Farai's blog

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Find out more about my books, political reporting and broadcasting, public speaking, and teaching.

The Episodic Career

The Episodic Career provides the big-picture vision of the world economy, as well as the particulars of salary, family, health, and lifestyle that you need to thrive in a rapidly changing world.

One with Farai

Podcasts with global visionaries.

Black Issues Connected: Why Race Is Never Just Race

Even for a country where racial commentary is an amateur sport and racial incidents come in waves, we’ve had a strange run of racial news about black Americans, people who think they’re black Americans, and justice.

Browder; Dolezal; Vesey

Browder; Dolezal; Vesey


There’s Kalief Browder, pushed to suicide by years of abuse in the New York jails for a crime he arguably should never have been arrested for and did not commit, juxtaposed with what is variously described as the trans-racialism or minstrelsy of Rachel Dolezal. (See (Read More...)

June 18, 2015 Blog 1 Comment

In 2008, Hillary Clinton said mother would have been in foster care today

She was Senator Hillary Clinton in 2008, when she ran against Senator Barack Obama and John Edwards in South Carolina, the last state before Edwards dropped out of the race.

I spoke to her for NPR’s News and Notes, and she mentioned her mother, saying, “If she had been born at a later time, I believe she probably would have been put into the foster care system because her parents essentially abandoned her.”  Today, former Secretary of State Clinton is expected to formally announce for President, foregrounding themes of her mother.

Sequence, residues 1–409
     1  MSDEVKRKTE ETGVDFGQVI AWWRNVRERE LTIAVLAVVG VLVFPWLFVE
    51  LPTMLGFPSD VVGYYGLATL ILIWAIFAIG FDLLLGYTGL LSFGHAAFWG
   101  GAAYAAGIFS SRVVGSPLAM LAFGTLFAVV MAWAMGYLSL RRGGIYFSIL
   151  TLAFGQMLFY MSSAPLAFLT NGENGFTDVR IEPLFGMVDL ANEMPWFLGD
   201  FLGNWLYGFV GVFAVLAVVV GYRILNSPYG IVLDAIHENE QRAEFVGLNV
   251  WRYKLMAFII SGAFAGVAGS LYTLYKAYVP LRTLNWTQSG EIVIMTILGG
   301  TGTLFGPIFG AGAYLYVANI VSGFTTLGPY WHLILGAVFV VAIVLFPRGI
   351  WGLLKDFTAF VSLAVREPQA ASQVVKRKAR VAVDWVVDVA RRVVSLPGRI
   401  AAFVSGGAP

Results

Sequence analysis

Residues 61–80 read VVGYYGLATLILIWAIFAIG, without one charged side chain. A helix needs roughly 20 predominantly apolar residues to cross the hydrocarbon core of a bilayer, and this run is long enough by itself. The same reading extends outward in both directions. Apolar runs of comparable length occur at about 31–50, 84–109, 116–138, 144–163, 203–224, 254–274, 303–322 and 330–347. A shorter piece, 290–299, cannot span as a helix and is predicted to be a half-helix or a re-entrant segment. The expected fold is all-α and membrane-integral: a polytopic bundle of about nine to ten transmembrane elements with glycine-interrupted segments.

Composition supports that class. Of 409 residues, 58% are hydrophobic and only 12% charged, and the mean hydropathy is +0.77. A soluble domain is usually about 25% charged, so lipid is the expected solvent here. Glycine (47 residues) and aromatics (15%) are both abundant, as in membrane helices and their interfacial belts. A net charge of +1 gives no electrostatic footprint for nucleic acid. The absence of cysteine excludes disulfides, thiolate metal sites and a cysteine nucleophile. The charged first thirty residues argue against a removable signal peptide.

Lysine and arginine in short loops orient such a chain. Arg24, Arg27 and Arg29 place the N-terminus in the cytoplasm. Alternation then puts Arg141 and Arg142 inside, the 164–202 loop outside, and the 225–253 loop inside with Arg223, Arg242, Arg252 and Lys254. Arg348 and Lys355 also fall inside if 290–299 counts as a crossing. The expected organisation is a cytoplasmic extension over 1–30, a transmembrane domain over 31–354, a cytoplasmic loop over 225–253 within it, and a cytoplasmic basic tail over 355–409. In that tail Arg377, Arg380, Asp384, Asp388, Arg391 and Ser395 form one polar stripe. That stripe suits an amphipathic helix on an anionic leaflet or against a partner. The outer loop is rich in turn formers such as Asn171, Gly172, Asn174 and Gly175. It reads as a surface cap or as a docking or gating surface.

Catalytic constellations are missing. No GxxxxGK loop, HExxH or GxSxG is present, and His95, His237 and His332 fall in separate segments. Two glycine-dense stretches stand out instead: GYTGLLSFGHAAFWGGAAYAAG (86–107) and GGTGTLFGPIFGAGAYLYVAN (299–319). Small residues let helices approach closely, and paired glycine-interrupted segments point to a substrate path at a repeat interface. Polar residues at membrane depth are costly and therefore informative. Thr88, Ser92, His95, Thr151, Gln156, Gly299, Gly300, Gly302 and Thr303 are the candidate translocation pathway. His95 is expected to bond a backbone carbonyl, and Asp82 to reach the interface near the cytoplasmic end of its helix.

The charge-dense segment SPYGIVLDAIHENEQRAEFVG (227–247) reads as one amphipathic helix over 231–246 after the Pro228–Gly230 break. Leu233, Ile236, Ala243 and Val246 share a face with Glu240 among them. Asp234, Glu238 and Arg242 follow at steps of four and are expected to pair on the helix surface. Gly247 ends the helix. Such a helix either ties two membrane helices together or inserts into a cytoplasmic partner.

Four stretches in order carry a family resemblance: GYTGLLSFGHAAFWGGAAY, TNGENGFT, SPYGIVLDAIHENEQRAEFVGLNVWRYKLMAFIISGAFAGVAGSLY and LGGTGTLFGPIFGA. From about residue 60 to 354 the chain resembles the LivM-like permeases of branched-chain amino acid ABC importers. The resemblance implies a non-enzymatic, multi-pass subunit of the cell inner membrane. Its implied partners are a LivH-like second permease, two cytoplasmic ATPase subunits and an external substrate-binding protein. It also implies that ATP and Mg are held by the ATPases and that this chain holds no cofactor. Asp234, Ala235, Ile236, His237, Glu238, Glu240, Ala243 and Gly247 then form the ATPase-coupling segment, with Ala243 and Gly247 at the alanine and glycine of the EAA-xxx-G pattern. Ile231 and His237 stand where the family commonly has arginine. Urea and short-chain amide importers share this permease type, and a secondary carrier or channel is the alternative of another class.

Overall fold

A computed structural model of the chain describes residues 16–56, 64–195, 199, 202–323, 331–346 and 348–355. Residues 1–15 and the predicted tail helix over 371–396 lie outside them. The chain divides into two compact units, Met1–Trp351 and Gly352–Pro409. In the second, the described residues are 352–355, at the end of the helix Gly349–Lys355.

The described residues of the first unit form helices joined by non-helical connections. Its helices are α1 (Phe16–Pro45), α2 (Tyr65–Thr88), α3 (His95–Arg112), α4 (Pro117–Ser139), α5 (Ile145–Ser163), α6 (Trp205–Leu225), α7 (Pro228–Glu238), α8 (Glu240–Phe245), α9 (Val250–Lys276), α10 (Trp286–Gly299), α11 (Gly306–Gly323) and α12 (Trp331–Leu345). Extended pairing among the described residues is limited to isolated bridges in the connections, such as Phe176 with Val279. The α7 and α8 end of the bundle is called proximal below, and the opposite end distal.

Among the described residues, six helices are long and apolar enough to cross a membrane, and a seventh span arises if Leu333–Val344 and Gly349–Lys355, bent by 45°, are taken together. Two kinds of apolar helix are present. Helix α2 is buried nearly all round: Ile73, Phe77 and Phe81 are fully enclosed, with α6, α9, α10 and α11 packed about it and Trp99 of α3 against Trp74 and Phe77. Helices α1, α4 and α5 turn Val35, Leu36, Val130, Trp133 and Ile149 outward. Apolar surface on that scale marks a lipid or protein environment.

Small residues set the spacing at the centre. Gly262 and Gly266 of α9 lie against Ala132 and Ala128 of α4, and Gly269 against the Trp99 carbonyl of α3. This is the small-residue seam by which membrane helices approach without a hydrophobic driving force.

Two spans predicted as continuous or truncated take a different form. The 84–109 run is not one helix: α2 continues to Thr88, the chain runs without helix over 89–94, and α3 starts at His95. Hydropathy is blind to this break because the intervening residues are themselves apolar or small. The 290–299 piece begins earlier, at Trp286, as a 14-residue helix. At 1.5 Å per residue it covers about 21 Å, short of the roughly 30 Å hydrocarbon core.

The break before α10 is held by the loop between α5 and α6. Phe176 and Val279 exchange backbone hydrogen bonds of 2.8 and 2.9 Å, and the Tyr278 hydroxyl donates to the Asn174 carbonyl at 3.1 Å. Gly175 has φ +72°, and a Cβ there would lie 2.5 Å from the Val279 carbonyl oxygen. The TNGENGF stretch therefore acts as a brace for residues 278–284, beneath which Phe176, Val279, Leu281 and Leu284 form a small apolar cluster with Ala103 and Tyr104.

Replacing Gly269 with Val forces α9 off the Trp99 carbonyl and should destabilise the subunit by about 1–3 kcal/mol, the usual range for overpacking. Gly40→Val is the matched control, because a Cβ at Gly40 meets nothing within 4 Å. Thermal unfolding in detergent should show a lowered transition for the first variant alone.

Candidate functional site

Screen Shot 2015-06-12 at 10.32.29 AM

The (Read More...)

June 12, 2015 Blog No Comments

Kill Yourself and We’ll Know You are Human: Kalief Browder and Ota Benga

Among man’s greatest inhumanities to man is saying one is not a man — merely a beast, a prisoner, a captive. Two stories in the media this week span a century, yet end the same way: with a death that is technically a suicide, but where the hand was powerfully forced.

Screen Shot 2015-06-09 at 9.53.59 AMPamela Newkirk’s new book Spectacle: The Astonishing Life of Ota Benga was excerpted here in The Guardian. She explores the life of a Congolese man captured in 1904 and displayed in the monkey house of the Bronx, New York Zoo in 1906. He was forced to live with

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June 9, 2015 Blog No Comments

Free-Range Workers Crossing the Highway of Life

“Free-Range” has become a buzzword applied to everything from poultry to children. And in its broadest sense it applies to today’s workers too.

via Huffington Post

via Huffington Post

I spoke with a man recently who told me about looming layoffs in the financial sector (see this; plus this about the oil industry; and this NYT list of its articles about (Read More...)

June 8, 2015 Blog No Comments

We came together; and we left the same way